This first edition was written for Lua 5.0. While still largely relevant for later versions, there are some differences.
The fourth edition targets Lua 5.3 and is available at Amazon and other bookstores.
By buying the book, you also help to support the Lua project.

27.1 – Array Manipulation

"Array", in Lua, is just a name for a table used in a specific way. We can manipulate arrays using the same functions we use to manipulate tables, namely lua_settable and lua_gettable. However, contrary to the general philosophy of Lua, economy and simplicity, the API provides special functions for array manipulation. The reason for that is performance: Frequently we have an array access operation inside the inner loop of an algorithm (e.g., sorting), so that any performance gain in this operation can have a big impact on the overall performance of the function.

The functions that the API provides for array manipulation are

    void lua_rawgeti (lua_State *L, int index, int key);
    void lua_rawseti (lua_State *L, int index, int key);
The description of lua_rawgeti and lua_rawseti is a little confusing, as it involves two indices: index refers to where the table is in the stack; key refers to where the element is in the table. The call lua_rawgeti(L, t, key) is equivalent to the sequence
    lua_pushnumber(L, key);
    lua_rawget(L, t);
when t is positive (otherwise, you must compensate for the new item in the stack). The call lua_rawseti(L, t, key) (again for t positive) is equivalent to
    lua_pushnumber(L, key);
    lua_insert(L, -2);  /* put `key' below previous value */
    lua_rawset(L, t);
Note that both functions use raw operations. They are faster and, anyway, tables used as arrays seldom use metamethods.

As a concrete example of the use of these functions, we could rewrite the loop body from our previous l_dir function from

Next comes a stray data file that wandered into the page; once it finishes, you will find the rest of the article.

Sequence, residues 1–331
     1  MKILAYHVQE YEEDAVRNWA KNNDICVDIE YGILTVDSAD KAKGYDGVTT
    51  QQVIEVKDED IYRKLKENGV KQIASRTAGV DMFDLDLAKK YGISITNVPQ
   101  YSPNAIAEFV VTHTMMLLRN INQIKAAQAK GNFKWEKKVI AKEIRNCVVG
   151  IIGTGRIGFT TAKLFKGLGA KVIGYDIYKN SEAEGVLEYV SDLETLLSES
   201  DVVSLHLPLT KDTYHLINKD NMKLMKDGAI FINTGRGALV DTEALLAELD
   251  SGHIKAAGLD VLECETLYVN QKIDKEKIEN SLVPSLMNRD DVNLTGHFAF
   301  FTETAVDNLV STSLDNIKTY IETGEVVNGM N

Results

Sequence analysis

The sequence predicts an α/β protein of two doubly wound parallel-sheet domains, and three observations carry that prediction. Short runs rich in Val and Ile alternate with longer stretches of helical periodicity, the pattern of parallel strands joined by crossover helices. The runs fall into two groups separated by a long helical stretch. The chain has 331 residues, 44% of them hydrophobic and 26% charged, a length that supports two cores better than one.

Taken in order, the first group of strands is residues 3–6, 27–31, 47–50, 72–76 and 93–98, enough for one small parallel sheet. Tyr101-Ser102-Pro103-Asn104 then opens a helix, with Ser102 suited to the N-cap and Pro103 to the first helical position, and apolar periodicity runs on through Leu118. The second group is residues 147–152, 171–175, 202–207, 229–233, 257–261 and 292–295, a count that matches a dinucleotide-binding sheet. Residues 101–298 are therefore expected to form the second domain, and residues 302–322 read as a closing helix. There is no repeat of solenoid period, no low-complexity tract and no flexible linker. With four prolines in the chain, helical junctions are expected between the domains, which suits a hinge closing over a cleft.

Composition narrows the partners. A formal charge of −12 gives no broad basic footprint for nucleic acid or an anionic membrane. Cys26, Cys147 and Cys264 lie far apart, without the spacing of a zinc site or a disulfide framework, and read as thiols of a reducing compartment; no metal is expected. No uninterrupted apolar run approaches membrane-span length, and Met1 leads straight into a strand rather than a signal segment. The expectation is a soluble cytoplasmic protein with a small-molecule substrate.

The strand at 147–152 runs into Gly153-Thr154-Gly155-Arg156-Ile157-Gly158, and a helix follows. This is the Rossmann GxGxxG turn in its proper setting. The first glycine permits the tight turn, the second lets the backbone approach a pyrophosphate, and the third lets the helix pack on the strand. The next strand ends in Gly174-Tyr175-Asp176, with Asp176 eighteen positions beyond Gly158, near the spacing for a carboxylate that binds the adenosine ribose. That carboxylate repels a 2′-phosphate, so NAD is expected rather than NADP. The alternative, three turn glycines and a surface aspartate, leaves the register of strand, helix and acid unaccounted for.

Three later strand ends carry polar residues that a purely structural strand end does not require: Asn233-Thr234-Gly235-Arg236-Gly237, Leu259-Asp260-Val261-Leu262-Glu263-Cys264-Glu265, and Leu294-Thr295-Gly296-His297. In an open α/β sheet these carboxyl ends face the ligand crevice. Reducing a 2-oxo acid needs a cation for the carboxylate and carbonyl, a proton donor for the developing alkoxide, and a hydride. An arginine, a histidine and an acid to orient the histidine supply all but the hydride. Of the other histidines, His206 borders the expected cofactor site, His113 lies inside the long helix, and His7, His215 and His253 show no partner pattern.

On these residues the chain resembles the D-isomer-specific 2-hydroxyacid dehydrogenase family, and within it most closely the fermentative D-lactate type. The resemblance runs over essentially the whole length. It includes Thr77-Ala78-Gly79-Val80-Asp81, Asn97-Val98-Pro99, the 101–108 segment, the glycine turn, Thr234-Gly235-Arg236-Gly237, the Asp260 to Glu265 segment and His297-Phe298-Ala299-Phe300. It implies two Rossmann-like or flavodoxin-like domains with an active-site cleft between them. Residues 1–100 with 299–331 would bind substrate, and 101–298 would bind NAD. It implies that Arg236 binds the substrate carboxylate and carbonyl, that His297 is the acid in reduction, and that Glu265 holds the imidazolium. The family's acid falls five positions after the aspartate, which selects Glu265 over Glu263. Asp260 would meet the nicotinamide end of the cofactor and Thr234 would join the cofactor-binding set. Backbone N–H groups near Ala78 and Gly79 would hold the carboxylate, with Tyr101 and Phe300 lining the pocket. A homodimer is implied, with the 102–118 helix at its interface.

lua_pushnumber(L, i++);  /* key */
        lua_pushstring(L, entry->d_name);  /* value */
        lua_settable(L, -3);
        lua_pushstring(L, entry->d_name);  /* value */
        lua_rawseti(L, -2, i++);  /* set table at key `i' */

As a more complete example, the following code implements the map function: It applies a given function to all elements of an array, replacing each element by the result of the call.

    int l_map (lua_State *L) {
      int i, n;
      /* 1st argument must be a table (t) */
      luaL_checktype(L, 1, LUA_TTABLE);
      /* 2nd argument must be a function (f) */
      luaL_checktype(L, 2, LUA_TFUNCTION);
      n = luaL_getn(L, 1);  /* get size of table */
      for (i=1; i<=n; i++) {
        lua_pushvalue(L, 2);   /* push f */
        lua_rawgeti(L, 1, i);  /* push t[i] */
        lua_call(L, 1, 1);     /* call f(t[i]) */
        lua_rawseti(L, 1, i);  /* t[i] = result */
      return 0;  /* no results */
This example introduces three new functions. The luaL_checktype function (from lauxlib.h) ensures that a given argument has a given type; otherwise, it raises an error. The luaL_getn function gets the size of the array at the given index (table.getn calls luaL_getn to do its job). The lua_call function does an unprotected call. It is similar to lua_pcall, but in case of errors it throws the error, instead of returning an error code. When you are writing the main code in an application, you should not use lua_call, because you want to catch any errors. When you are writing functions, however, it is usually a good idea to use lua_call; if there is an error, just leave it to someone that cares about it.